According to a new study from the Stanford School of Medicine, tobacco companies pumped up the advertising and lowered the price of menthol cigarettes in stores near California high schools with larger populations of African-American students.
That cigarette companies use predatory marketing strategies doesn’t surprise me at all. What I find shocking is a piece of news I missed at the time: A federal law passed in 2008 banned 13 candy flavorings in cigarettes. Candy flavorings in cigarettes. (So egregious, makes me embarrassed to be of the same species that dreamed it up.)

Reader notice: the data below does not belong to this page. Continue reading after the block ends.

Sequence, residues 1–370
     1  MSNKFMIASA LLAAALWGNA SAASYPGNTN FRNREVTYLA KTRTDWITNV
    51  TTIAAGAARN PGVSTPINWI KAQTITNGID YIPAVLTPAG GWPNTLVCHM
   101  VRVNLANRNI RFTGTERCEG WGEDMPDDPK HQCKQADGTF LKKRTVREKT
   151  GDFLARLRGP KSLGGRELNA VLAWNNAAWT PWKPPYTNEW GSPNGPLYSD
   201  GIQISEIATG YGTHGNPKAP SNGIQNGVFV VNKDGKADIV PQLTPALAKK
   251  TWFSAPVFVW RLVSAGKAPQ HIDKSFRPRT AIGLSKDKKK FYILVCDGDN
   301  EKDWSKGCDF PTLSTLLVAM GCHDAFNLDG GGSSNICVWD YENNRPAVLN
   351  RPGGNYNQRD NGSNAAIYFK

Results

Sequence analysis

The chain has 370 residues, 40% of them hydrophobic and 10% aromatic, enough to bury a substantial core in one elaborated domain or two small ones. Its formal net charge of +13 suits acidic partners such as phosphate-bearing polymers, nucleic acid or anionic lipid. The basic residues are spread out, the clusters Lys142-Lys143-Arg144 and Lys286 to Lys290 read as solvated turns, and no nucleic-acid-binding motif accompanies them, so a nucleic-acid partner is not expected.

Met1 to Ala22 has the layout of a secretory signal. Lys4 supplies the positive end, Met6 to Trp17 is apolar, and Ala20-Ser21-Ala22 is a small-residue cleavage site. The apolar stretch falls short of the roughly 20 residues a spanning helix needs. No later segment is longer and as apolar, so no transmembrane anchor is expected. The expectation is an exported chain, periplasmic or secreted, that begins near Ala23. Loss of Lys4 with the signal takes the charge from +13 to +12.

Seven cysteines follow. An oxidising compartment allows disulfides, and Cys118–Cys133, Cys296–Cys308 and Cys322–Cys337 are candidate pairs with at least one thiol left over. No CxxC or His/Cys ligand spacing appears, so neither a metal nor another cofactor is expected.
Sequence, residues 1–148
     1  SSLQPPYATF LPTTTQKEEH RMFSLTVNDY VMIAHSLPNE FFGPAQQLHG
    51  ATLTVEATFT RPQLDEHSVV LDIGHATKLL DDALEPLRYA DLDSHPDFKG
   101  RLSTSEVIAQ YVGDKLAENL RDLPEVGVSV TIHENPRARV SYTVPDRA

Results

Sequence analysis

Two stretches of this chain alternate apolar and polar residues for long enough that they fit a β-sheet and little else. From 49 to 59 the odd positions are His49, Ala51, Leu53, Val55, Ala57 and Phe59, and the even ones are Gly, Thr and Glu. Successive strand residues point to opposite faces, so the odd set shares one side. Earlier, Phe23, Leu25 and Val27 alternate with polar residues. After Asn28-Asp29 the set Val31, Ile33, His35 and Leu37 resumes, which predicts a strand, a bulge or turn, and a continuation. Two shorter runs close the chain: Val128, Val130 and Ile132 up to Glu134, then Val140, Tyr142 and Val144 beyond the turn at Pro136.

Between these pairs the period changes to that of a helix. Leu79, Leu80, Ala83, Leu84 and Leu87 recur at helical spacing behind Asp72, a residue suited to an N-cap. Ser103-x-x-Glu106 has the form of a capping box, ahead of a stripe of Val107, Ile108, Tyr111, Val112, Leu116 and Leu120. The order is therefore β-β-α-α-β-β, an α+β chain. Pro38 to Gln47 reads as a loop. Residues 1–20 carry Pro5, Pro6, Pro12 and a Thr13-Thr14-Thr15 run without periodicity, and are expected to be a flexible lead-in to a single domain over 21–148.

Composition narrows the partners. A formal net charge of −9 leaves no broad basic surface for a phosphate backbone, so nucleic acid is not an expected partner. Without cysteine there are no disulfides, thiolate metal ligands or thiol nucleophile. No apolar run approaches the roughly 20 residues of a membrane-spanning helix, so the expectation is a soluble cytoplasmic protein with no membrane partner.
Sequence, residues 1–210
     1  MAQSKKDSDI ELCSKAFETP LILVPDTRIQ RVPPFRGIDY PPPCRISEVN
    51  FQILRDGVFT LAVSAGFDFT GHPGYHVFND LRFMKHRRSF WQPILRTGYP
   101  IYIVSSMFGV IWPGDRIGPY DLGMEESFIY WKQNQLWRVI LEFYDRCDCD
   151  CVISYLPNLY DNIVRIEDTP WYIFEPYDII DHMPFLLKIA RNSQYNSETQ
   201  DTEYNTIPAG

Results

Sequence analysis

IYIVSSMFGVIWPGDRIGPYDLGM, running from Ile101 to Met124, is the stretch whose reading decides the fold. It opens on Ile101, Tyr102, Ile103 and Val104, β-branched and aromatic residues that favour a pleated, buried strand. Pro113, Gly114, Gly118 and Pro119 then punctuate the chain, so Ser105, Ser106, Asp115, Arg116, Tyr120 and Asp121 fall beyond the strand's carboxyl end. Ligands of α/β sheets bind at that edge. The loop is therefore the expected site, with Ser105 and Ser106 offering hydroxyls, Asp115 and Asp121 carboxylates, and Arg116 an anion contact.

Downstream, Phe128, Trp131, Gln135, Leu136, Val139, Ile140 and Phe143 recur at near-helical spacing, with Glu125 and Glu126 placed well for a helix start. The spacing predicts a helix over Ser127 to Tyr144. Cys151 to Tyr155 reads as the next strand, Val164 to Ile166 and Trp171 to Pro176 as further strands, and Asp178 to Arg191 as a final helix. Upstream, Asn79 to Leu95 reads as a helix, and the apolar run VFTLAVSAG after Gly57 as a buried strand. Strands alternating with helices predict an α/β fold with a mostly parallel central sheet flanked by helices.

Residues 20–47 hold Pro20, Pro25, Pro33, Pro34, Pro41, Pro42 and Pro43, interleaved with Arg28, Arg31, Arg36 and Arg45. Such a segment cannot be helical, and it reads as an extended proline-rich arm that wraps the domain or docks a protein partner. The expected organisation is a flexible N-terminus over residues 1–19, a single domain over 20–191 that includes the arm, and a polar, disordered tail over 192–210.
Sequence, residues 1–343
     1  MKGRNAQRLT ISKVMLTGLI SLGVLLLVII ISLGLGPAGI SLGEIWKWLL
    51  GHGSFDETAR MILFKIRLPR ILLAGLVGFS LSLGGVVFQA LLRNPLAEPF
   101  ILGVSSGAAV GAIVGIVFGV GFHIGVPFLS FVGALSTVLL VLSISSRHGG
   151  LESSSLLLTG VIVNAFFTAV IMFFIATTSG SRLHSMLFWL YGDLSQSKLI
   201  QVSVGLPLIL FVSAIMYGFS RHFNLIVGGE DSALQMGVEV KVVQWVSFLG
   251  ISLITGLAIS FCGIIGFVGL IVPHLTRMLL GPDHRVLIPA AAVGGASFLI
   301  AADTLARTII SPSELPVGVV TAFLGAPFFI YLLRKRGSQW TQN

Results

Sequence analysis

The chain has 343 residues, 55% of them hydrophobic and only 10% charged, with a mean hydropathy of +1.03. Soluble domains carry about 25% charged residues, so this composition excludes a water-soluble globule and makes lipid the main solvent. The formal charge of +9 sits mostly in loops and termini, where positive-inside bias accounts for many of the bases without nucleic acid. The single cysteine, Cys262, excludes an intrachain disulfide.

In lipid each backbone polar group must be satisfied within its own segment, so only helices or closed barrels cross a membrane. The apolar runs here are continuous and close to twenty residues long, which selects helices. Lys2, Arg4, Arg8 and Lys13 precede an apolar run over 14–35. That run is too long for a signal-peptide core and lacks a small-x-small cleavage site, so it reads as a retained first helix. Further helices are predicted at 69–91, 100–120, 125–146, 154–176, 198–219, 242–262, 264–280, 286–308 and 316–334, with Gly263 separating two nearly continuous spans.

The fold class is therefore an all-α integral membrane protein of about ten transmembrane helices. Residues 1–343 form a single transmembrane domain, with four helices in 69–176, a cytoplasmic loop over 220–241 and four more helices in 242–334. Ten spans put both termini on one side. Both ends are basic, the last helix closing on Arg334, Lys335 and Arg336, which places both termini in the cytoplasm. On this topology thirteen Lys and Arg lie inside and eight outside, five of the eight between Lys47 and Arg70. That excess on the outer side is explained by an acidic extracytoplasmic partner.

The 2008 ban, however, allowed the continued use of menthol flavoring. (I can just imagine the negotiating between the tobacco lobby and legislators: we’ll give up bubble gum and fruit punch, if we can keep peppermint.) Menthol makes the smoke from tobacco smoother and less harsh; even non- menthol cigarettes often have low levels of the additive.
Presently, the FDA is gathering information on whether to ban menthol as a flavoring agent in cigarettes.
Although cigarette makers deny using race or ethnicity to target consumers, the lead researcher for the study said the data shows a “predatory” marketing pattern geared to luring young African Americans into becoming smokers.